A Prospectus in Retrospection

Despite not being a morning person, when I have the pleasure of being awake early and not having the need to rush off somewhere, I love lying in bed, starring out my window and taking in the quiet still of morning. I breathe that soft mid-morning way and allow thoughts to float on the horizon. How I wish I could prolong this state,

View of backyard on a foggy day.

View of backyard on a foggy day.

record these thoughts, but the moment I begin to pluck them from the sky, think and reach for my notebook, they take on weight and my breathing goes into full throttle.

This sums up my past year.

I have tasted 100s of wines, written countless tasting and pairing notes, but published only one story about wine, one about the psychology of baking. Why? Depending on the day and hour, the reason-list varies, but Reality suggests it’s because I haven’t given myself enough space to breathe. To sit. To feel. To embrace. Instead, I’ve spent too much time chasing the wind, leaving myself gasping for air. ChasingJen this is not.

Some of the wines tasted during Halloween party.

Some of the wines tasted during Halloween party.

This blog was born out of a need to write. A need to create time to listen: to myself, to the Universe, and to a menagerie of characters, characters which had disappeared from my periphery, no longer whispering their stories to me or diving onto the page and demanding to be heard, seen. And it was born out of a want to create the next generation of me.

I’ve been through many mutations — be it (wanna be) dancer, classical pianist, playwright, to name a few — but one morning as I sipped coffee and looked around my office, part library part bar, a letter led to a word which led to a thought, albeit initially strange on the tongue: I should write about wine … I think. And what started as a question led to a definite. I mean, I like wine, have been fortunate to drink some truly superb wine over the years, and as a writer we’re told to write what we know, and I just happened to know what I liked and didn’t (despite not necessarily knowing the why).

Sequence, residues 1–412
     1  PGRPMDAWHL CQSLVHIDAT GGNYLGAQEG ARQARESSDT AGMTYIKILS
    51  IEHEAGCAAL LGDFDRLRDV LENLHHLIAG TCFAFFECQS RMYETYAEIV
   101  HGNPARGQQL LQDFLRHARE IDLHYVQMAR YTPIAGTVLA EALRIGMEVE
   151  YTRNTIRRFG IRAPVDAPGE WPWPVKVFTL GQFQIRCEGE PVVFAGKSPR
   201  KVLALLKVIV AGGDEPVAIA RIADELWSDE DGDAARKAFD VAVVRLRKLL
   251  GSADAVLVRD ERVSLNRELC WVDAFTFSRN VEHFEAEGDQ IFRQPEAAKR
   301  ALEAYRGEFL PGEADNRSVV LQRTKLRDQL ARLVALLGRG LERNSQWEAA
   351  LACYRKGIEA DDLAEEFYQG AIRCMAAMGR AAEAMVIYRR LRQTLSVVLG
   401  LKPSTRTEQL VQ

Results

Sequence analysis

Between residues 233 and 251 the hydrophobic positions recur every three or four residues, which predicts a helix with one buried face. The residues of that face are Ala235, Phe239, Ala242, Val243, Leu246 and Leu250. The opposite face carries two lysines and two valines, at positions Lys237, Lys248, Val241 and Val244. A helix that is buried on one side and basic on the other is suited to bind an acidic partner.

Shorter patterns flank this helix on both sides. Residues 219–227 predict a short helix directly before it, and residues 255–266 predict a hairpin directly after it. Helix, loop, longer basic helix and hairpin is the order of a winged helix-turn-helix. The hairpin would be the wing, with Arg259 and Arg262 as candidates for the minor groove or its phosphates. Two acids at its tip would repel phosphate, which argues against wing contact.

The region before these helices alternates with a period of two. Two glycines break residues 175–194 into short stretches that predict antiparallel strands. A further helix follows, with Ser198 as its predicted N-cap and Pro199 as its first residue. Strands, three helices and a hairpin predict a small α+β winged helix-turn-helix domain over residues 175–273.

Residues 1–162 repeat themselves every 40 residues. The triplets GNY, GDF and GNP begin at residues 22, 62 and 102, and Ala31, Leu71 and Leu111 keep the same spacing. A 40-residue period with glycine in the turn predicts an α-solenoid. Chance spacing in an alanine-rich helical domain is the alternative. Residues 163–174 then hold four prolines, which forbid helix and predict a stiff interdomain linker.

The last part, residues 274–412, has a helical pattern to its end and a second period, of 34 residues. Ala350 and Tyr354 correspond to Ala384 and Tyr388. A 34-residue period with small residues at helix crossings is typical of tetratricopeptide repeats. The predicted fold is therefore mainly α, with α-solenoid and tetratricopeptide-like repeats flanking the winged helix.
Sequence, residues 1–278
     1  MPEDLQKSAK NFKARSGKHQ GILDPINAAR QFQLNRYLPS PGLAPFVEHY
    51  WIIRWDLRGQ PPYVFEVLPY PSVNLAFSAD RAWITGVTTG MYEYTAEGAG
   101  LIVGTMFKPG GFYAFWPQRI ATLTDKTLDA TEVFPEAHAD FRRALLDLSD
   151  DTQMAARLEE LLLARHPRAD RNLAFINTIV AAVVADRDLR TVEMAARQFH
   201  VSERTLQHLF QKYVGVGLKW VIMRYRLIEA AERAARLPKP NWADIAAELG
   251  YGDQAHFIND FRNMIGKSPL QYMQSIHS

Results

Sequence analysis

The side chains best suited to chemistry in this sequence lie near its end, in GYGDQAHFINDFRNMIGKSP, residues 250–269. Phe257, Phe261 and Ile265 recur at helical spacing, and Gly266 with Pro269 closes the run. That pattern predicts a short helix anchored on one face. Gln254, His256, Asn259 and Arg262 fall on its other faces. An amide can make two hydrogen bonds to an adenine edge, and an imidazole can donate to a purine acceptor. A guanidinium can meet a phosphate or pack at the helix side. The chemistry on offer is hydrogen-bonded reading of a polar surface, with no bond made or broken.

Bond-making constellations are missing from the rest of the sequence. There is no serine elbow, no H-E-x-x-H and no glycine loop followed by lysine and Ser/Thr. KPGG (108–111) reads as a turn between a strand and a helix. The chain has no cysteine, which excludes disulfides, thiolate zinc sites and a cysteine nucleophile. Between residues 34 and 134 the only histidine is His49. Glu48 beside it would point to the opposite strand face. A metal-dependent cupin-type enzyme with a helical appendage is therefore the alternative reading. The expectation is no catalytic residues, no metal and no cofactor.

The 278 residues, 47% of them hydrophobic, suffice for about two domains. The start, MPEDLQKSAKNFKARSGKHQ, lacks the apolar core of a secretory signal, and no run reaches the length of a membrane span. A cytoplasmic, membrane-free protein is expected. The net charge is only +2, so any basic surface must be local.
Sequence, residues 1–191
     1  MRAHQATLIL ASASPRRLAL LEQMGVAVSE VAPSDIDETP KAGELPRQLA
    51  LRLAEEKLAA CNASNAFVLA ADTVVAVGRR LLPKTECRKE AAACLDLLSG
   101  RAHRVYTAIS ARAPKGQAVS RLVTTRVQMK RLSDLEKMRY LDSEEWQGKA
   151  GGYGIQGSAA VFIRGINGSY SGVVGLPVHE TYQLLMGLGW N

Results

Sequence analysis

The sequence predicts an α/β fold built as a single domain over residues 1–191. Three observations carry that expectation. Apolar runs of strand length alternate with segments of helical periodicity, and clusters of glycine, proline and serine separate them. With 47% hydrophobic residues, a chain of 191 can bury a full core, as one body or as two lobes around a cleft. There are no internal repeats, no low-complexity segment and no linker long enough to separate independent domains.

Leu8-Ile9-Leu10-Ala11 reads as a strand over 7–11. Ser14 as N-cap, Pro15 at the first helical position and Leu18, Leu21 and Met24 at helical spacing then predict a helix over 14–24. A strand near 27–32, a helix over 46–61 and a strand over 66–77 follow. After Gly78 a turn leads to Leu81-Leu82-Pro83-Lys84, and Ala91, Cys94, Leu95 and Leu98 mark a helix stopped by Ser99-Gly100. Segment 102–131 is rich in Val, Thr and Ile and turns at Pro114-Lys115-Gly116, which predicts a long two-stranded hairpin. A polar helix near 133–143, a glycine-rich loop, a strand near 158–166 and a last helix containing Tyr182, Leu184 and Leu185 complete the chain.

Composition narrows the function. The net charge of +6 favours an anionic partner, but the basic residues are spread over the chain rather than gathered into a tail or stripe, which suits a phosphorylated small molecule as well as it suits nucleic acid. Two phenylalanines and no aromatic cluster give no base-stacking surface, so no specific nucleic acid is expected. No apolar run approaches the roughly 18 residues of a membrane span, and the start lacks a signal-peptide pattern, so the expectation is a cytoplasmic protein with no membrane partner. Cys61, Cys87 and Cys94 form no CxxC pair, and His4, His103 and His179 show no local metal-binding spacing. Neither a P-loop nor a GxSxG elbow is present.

Thus is the creation myth of ChasingJen, which took its first steps in July 2011 at the Wine Bloggers Conference in Charlottesville, Virginia. Since that auspicious

Wine blogging tasting hosted by Christopher Watkins of Ridge Vineyards in Monte Bello

Wine blogging tasting hosted by Christopher Watkins of Ridge Vineyards in Monte Bello

beginning I have had the pleasure and honor of meeting with, conversing with, and sharing experiences with a most eclectic group of wine aficionados from around the world. But what began that July as a clear-cut idea has since been stood on its head, flipped upside down, and almost lost its balance while being turned around and around on an intellectual merry-go-round.

This is my essence: a never ending, albeit often exciting, journey of change and discovery. What will I experience tomorrow? Please subscribe to tag along and find out, but I warn you! you’ll need to buckle up as the road is sometimes bumpy.

Cheers!

Wine, Fried Chick Legs and Rain = Pure Comfort!

It seems almost all cultures have a fried chicken recipe, so pairing this displaced southern girl’s fried chicken with an Italian wine seems perfectly logical on a mid-winter day.

6 versions of chicken and 2009 Coenobium Bianco

The search for a wine that pairs nicely with fried chicken began in September of 2010, the ideal time of year here in San Francisco to serve fried chicken with the best of summer corn and tomatoes as our summer weather kicks in in late August and continues into October.  But before I could focus on wine profiles, I had to re-perfect my chick recipe.

Why re-perfect?  Because the month before a chef friend completely messed my world up by telling me Crisco (the go-to frying oil of every southern cook I know) was outdated and lard was a 1000% better option and when I tested my tried-and-true recipe in lard I felt like a fish out of water as my recipe fell flat; it had a gorgeous crust but it tasted greasier than I remembered.  What to do?  Go back to Crisco or experiment with other people’s versions of perfection as, after doing a fair amount of research (darn my friend!), I discovered that cooking with leaf lard from grass-fed pigs, such as that purchasable from Prather Ranch at Ferry Plaza here in San Francisco, is healthier than the everyday world would have you believe, is high in Omega 3s, is high in healthy fats, and is supposed to absorb less fat and create a juicier end-product. So what went wrong with my recipe?

My poor roommate.  I subjected him to about 8 taste tests as my once-a-year dinner was one month away and my ego was at stake — I mean, who doesn’t want a group to think honorific thoughts and hopefully ask for seconds and thirds? After trying buttermilk baths and soaks and a variety of herbal infusions and dredging methods (such as egg and milk dips then flour dredges) I settled on (and not too soon as I don’t think my roommate could’ve suffered any more tastings): zero egg/milk wash and just dredging in flour laced with poultry seasoning, garlic powder and hot paprika and cooking in my skillet with about 1/8th inch of oil.